While D’Orangeville focuses on how individual trees grow and breathe, Manuel Helbig, his colleague in Dalhousie University’s physics and atmospheric sciences department, is one of the people looking at the bigger picture: how the forest as a whole is absorbing carbon and give it away.

A quarter of the carbon dioxide created by people ends up in the land, including forests, Helbig said.

“We want to understand exactly how much of that anthropogenic CO2 we’re emitting is going to end up in the forest, so that slows down climate change.”

“It can go both ways,” D’Orangeville said, because when leaves and wood decompose, for example, carbon dioxide is generated.

In the foreground is a man with a short, dark beard wearing glasses and a plaid shirt.  Behind him are the base of the flux tower and a couple of small buildings that look like sheds behind a wire mesh.
Manuel Helbig of Dalhousie University is monitoring carbon molecules entering and leaving the Acadia forest as he breathes. (Jennifer Sweet/CBC)

Scientists refer to the flow of carbon dioxide into and out of the forest as a “flux.” They’re measuring it in a handful of “flow towers” across the country.

Acadia Research Forest has the only flow tower in Atlantic Canada.

Instruments installed on the flow tower count CO2 molecules in the air above the treetops.

The UNB researchers started collecting this kind of data about a decade ago.

Small white devices protrude on metal arms at different intervals.
Sensors were installed at different levels on the flow tower to monitor various atmospheric conditions such as temperature and humidity within the forest and above it. (Jennifer Sweet/CBC)

Helbig updated the equipment this fall to follow up on their work.

Interval sensors on the tower also measure temperature and humidity.

Helbig expects to find that the forest around Acadia’s flow tower is still absorbing CO2, but in smaller amounts during hot, dry summers.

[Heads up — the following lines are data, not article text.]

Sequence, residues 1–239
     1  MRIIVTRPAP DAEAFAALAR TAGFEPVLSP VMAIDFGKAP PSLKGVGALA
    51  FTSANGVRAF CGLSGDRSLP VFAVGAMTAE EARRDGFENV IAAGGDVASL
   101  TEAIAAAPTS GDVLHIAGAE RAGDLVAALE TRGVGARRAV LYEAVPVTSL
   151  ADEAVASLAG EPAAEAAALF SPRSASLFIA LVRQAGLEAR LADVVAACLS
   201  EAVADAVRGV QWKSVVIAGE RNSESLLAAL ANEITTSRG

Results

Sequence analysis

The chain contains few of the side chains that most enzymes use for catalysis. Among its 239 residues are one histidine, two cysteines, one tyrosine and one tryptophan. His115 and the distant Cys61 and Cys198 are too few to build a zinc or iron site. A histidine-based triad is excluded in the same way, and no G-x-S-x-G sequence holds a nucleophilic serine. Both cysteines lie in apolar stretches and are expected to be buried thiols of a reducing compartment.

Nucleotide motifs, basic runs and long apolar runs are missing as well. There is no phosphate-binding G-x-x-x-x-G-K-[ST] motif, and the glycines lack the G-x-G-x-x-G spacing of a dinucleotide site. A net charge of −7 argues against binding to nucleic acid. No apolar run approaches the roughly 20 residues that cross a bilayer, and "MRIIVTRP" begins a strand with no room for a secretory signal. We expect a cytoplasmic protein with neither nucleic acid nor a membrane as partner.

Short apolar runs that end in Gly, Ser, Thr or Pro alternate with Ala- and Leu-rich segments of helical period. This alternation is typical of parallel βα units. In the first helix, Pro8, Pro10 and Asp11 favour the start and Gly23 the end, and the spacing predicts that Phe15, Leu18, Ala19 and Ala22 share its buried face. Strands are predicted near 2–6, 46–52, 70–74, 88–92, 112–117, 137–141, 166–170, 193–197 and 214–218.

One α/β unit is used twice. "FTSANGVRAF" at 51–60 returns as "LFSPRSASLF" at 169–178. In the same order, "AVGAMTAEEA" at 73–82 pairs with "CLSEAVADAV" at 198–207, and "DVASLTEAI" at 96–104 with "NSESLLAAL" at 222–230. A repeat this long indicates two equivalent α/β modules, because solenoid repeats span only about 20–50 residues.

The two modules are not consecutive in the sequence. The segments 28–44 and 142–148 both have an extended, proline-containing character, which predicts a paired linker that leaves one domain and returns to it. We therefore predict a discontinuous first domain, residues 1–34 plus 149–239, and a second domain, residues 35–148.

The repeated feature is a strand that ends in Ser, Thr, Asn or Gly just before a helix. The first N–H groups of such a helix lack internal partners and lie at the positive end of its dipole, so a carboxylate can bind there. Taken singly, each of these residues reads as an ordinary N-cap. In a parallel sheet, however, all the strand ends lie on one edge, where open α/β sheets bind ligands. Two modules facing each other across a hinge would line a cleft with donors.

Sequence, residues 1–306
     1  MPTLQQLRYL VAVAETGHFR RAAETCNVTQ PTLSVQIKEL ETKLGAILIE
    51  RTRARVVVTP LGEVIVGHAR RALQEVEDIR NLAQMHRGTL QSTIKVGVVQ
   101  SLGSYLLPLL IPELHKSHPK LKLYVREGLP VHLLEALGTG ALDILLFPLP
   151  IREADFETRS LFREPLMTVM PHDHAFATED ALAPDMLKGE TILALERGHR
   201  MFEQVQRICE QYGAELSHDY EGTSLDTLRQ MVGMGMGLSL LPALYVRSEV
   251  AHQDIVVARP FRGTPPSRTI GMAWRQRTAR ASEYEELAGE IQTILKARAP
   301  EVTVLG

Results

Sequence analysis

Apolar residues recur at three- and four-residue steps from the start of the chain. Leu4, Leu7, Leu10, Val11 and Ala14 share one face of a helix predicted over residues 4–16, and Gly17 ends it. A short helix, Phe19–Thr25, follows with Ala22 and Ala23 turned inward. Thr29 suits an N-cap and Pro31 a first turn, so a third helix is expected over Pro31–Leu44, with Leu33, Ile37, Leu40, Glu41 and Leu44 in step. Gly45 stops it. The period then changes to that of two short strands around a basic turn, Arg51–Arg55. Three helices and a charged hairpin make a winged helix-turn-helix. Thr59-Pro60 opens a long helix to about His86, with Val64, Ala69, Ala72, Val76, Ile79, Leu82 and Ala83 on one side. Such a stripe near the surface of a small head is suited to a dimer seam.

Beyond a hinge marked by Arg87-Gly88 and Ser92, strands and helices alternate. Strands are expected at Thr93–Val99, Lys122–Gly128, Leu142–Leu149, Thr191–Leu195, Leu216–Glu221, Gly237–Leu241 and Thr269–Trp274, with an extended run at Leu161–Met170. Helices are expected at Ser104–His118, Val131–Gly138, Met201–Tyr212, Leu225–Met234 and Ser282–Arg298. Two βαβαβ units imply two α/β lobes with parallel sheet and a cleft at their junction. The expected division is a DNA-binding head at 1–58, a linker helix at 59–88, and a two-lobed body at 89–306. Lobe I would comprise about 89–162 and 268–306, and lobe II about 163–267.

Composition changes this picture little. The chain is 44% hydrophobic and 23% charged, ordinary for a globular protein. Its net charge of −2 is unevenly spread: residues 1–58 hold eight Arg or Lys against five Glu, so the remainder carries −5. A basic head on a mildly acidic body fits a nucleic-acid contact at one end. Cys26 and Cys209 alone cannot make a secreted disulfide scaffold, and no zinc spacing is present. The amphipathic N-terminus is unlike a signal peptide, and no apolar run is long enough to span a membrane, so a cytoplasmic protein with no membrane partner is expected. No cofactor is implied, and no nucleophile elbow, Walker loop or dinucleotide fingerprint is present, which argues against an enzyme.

It can also emit CO2 sometimes, he said, “if it’s really dry.”

A white torch-shaped device is suspended from a tower platform above the trees on a metal arm.
This is one of several weather stations on the flux tower to see how carbon readings vary with different weather conditions. (Jennifer Sweet/CBC)

Canadian forests are thought to have been net emitters of greenhouse gases due to disturbances for the last 15 years or so, D’Orangeville said, but we still have a “limited understanding” of how flux changes in response to heat, fires, droughts and insect infestation.

D’Orangeville would like to see many more flow towers to take measurements in different types of forest stands, some with more hardwood trees and some with younger and older trees.

He also thinks more studies of tree growth, such as the one described in his Nature paper, are worth doing.

Loïc D’Orangeville demonstrates the use of a metal band to measure the growth of trees. (Jennifer Sweet/CBC)

He said the information was gathered using metal bands that cost about $15 each.

“It’s not a massive investment of money … but it ends up giving us critical information about the entire forest response.”

It could mean the difference, he said, between forest actively storing carbon or slowly dying.

In the meantime, he said, we should use the tools we have to help him.

“We plant millions of trees every year. The human power that’s out there in the woods … every day to manage the forest, we could use it to actually help the forest cope with climate change.”

“Things like increasing species diversity, that’s just like increasing your investment portfolio.”

This would help the industry, he said, and it would also help the environment.